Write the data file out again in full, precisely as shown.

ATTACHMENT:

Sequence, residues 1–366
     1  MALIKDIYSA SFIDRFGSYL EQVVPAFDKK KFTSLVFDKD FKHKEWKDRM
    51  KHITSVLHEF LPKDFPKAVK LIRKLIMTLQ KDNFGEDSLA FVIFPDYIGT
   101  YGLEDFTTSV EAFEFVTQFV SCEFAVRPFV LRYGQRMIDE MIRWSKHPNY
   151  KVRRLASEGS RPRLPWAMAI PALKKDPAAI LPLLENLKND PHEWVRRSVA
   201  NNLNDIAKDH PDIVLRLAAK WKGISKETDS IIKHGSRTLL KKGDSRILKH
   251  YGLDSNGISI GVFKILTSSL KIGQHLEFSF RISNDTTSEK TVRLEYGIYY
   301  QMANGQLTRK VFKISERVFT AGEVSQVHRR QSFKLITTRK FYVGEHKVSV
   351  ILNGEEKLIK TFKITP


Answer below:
Sequence, residues 1–366
     1  MALIKDIYSA SFIDRFGSYL EQVVPAFDKK KFTSLVFDKD FKHKEWKDRM
    51  KHITSVLHEF LPKDFPKAVK LIRKLIMTLQ KDNFGEDSLA FVIFPDYIGT
   101  YGLEDFTTSV EAFEFVTQFV SCEFAVRPFV LRYGQRMIDE MIRWSKHPNY
   151  KVRRLASEGS RPRLPWAMAI PALKKDPAAI LPLLENLKND PHEWVRRSVA
   201  NNLNDIAKDH PDIVLRLAAK WKGISKETDS IIKHGSRTLL KKGDSRILKH
   251  YGLDSNGISI GVFKILTSSL KIGQHLEFSF RISNDTTSEK TVRLEYGIYY
   301  QMANGQLTRK VFKISERVFT AGEVSQVHRR QSFKLITTRK FYVGEHKVSV
   351  ILNGEEKLIK TFKITP